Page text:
I thank the right hon. Gentleman for giving way—and, indeed, for visiting North East Somerset, where he will be welcome again. He has mentioned Japan, and what Japan got wrong. What it got wrong was massive overspending, as a result of which it is now forecast to have a debt to GDP ratio of 246%. Surely that overspending is exactly what we need to avoid.

What Japan got wrong was snuffing out a recovery at a very early stage and never really getting over it. As the hon. Gentleman knows, the Japanese have had complete stagnation for a long period now. The debt is just going up and up, and understandably they are very concerned about it. The new Prime Minister was the finance Minister until a few weeks ago, and understandably, he has huge problems on his hands.

The tests we need to apply to the Budget relate to growth and jobs, which I remain very concerned about; there is a substantial risk there, and I would like to have heard more said about policies to promote growth so that we do not end up with years of very sluggish growth at best or, even worse, bumping along the bottom for some years.

I have said that one of the tests that needs to be applied to this Budget is its fairness and another relates to the promises made about it before the election. Where better to start, then, than with VAT? During the election there was a lot of discussion about that. The Conservatives, like ourselves, said that they had no plans to raise VAT. I remember having a discussion with the Chancellor when he announced his plans not to go ahead with at least some of the national insurance increases, and he said that he would fund that from efficiency savings. I remember saying that I thought that was highly doubtful, and that they would have to raise money from another big tax. Sure enough, VAT is going up.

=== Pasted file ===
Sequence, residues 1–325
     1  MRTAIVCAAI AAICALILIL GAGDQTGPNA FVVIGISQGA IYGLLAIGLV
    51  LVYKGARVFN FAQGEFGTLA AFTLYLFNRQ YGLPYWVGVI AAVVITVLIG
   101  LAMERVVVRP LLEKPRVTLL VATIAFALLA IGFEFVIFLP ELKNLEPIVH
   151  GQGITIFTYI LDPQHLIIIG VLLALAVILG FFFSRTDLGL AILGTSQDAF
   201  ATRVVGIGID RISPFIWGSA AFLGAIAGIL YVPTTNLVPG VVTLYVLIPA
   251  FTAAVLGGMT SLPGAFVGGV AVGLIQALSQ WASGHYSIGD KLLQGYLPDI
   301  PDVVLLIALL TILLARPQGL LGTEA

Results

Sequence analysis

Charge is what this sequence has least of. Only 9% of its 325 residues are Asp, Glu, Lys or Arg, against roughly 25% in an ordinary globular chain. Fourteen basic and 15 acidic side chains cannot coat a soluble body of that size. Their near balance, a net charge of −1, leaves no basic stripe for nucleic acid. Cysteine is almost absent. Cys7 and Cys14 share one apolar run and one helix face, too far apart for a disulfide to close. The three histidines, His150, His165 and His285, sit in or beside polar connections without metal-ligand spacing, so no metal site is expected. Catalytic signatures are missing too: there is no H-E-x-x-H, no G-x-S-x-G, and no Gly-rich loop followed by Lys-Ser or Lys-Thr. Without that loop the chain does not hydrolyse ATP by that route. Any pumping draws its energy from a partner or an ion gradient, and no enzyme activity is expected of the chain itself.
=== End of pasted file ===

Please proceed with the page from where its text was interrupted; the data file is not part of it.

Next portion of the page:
Interestingly, for some reason, not much was said about efficiencies yesterday, although they loomed very large during the election. We now know that “no plans” on the Tory side meant exactly what Geoffrey Howe said in 1979 when he said he had “no intention” of doubling VAT. Of course he was factually right, as it only went up from 8% to 15%. It was the same with John Major when he was Prime Minister in 1992, and said he had “no plans” to raise “extra resources from VAT”: of course, VAT went up. Even last year, the Prime Minister said in opposition that putting up VAT was regressive. He said:

“You could try, as you say, put it on VAT, sales tax, but again if you look at the effect of sales tax, it's very regressive, it hits the poorest the hardest. It does, I absolutely promise you.”

I assume he was not absolutely promising to do that, but was trying to point out to the questioner that he thought that VAT was regressive. Yet here we have it—VAT going up to 20%, as I always suspected would happen.

What I find even more curious is how on earth the Business Secretary can back this proposal. He cannot have been unaware of the Liberal campaign which spent two days dealing with the “Tory VAT bombshell”. We saw the posters all over the country. They said a Tory Government would come up with “a secret VAT bombshell”, but the only secret appears to be that the Liberals intended to vote for it when it was introduced. The hon. Member for Bermondsey and Old Southwark (Simon Hughes), who is no longer in his place, said last week that he thought VAT was

“the most regressive form of tax”

in that it “penalises the poor”. When the Business Secretary said during the election that he would

“hardwire fairness back into national life”,

did he have this in mind?

I see that there are, wisely, only four Liberal Democrats in the House at the moment; the others are no doubt explaining to their constituents why it is that when they said, “Vote for us and keep the Tories out,” they completely misunderstood the position. It seems to me that this is not just a broken promise, as there are real issues at stake. I was criticised for what I did with national insurance, but I wanted to ensure that pensioners would not have to pay the increased tax and I wanted to protect people earning less than £20,000—of course, that has not happened.